Southwark Cathedral
Southwark Cathedral

Formerly known as St Mary Overie ("over the river"), the parish church of Southwark only became a cathedral in 1905. Highlights include an ornate 16th-century screen behind the high altar, and a memorial to local resident William Shakespeare.

The church and the area around it have what might charitably be called a colourful history. The church was founded in Saxon times beside the original London Bridge, at the oldest crossing place of the River Thames.

Tradition suggests that there was a community of nuns living here as early as the 7th century. It seems likely that St Swithun, the 9th century Bishop of Winchester, replaced the nuns with a college of priests. We do know that there was a church here at the time of the Domesday Book of 1086.

That early monastic church was re-founded as an Augustinian priory in 1106 by the serving Bishop of Winchester and two Norman knights. The priory canons built a hospital beside the church. This Norman hospital was the predecessor of St Thomas Hospital, further to the west.

The chancel and retrochoir were rebuilt after a fire in 1212. The retrochoir is a rare medieval survivor in London.

The area around Southwark was governed by the Bishops of Winchester in the Middle Ages as a 'liberty', a sort of private kingdom.

Here they controlled a prison called The Clink, which gave its name to prisons the world over. Here also was the most infamous red-light district in Greater London, whose activities provided the major source of income for the bishops. In fact, the ladies employed in the brothels of Southwark were called 'the Bishop of Winchester's geese'.

Wooden effigy of a knight, 1280
Wooden effigy of a knight, 1280

The priory was suppressed by Henry VIII in 1539. The church was renamed St Saviour's and leased by the king to the Southwark parishioners. In 1611 a group of wealthy parishioners known as the Bargainers bought the church outright from King James I. It was finally raised to cathedral status in 1905.

What to See

High Altar Screen

Perhaps the most impressive feature in the Cathedral is the richly decorated screen behind the high altar. The screen was installed in 1520 by Bishop Fox of Winchester. The screen is decorated with figures of people linked to the history of Southwark.

John Gower Tomb

John Gower was a court poet for Richard II and Henry IV, a close friend of Geoffrey Chaucer. His colourful painted tomb shows his effigy lying on his most popular works, including the 'Confessio Amantis', a collection of love stories. One of Gower's poems featured the story of Pericles of Tyre, whose tale Shakespeare adapted for one of his final plays.

Nonsuch Chest

This beautiful 16th-century inlaid chest was made by German craftsmen who had settled in Southwark. It was given to St Mary Overie in 1588 by Alderman Hugh Offley. The chest was used to store parish records and other important documents.

The Nonsuch Chest
The Nonsuch Chest

Wooden Effigy of a Knight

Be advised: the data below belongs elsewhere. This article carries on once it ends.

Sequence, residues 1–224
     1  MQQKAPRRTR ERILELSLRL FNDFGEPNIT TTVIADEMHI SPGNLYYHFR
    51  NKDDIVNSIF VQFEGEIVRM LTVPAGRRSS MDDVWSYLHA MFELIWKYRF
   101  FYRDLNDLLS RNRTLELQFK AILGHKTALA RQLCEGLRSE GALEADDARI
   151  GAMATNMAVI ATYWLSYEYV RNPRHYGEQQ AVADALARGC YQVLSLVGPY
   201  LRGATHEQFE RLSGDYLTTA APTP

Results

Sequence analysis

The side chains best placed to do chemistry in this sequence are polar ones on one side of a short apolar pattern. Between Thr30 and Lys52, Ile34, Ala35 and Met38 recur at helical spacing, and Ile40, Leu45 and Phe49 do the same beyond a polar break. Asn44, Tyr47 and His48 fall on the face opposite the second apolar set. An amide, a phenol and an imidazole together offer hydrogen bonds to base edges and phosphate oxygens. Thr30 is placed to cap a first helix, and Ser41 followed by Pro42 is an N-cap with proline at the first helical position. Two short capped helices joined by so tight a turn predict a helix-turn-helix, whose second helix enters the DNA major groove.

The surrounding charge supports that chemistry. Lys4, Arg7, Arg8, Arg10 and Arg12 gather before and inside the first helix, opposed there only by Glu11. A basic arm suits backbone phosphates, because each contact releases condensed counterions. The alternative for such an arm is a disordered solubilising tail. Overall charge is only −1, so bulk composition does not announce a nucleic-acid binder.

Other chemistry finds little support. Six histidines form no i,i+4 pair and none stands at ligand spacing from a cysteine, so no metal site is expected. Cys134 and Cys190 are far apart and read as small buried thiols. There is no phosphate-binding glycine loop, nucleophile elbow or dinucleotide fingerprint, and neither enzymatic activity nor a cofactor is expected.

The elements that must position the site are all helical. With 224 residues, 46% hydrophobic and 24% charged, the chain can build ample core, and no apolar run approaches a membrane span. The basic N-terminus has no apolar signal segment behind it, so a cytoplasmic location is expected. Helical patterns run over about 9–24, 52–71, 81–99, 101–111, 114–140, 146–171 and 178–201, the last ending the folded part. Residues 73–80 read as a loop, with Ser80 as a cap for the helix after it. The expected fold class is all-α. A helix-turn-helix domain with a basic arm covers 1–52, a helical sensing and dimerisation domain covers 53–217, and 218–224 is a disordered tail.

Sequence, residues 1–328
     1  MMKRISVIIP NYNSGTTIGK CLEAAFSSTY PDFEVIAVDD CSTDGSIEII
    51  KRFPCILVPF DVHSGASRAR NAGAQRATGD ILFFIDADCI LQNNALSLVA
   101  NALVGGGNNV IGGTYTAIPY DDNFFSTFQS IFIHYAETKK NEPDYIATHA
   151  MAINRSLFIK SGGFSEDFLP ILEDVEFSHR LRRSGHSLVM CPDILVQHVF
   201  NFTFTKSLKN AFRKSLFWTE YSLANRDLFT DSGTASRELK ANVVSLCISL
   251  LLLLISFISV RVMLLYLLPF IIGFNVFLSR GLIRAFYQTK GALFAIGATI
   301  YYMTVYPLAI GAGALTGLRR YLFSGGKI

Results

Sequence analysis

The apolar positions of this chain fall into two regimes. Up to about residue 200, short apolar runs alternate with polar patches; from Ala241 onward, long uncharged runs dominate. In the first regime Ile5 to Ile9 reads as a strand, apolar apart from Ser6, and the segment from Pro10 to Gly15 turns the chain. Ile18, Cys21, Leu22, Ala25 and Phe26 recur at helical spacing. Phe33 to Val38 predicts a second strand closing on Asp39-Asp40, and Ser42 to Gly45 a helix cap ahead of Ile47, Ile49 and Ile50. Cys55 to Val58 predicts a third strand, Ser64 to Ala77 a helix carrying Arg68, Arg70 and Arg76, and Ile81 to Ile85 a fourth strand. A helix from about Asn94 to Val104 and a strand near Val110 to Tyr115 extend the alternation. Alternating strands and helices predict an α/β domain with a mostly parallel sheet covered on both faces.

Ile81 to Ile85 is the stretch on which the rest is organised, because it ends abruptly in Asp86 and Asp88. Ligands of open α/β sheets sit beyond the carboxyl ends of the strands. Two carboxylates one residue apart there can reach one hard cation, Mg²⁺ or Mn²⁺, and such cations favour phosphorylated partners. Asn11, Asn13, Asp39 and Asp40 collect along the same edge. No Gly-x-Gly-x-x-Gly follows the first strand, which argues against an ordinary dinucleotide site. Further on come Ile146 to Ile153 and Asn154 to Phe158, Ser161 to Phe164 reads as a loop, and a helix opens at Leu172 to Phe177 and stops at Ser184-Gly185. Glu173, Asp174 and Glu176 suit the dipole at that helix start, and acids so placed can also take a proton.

One of the most interesting memorials is a wooden effigy of an unknown knight. The knight is shown wearing a mail coat and coif. The style of armour suggests a date of about 1280. Though his identity is unknown, the knight may be a member of the powerful de Warenne family, who had strong links to the church at that time.

Bishop Andrews Tomb

Bishop Lancelot Andrews (1555-1625) was a famous scholar. His prestige made him an obvious choice to work on the King James version of the Bible published in 1611. Bishop Andrews headed the committee that translated the first five books of the Old Testament into English.

Shakespeare Memorial

Set into the south aisle wall is a memorial to dramatist William Shakespeare, whose Globe Theatre stood very close to the cathedral site. Above the tomb is a memorial window depicting scenes from several of Shakespeare's most popular plays. The window is modern, replacing one that was destroyed by bombs in WWI. In the tomb niche is an alabaster effigy of Shakespeare created in 1912.

Edmund Shakespeare, William's brother, is commemorated by a carved stone set into the floor of the choir. Next to the Shakespeare Memorial is a plaque commemorating Sam Wannamaker, the American actor responsible for building Shakespeare's Globe, a recreation of Shakespeare's original 16th-century playhouse.

Shakespeare Memorial effigy
Shakespeare Memorial effigy

Mahomet Weyonomon Memorial

On the south side of the churchyard is a memorial to Mahomet Weyonomon, a Mohegan chief who sailed to England in 1735 to plead with George I to return Mohegan lands taken by British settlers in Connecticut. Weyonomon tragically caught smallpox and died before the king could receive his petition. Laws of the time prohibited foreigners from being buried within the City of London, so Weyonomon was buried in an unmarked grave in the churchyard. The memorial is carved from a pink granite stone brought from Connecticut.

Marchioness Memorial

One of the most modern memorials is one of the most poignant. In 1989 a Thames pleasure boat named The Marchioness sank near the Cathedral, with the loss of 51 lives. The memorial is shaped like a ship's wheel.

Getting There

The Cathedral is very easy to reach from London Bridge tube and rail station. Take the Borough High Street exit and you will see the Cathedral immediately across the road, beside Borough Market. When we visited entrance was free, but if you plan on taking photos you will have to pay for an inexpensive photography permit.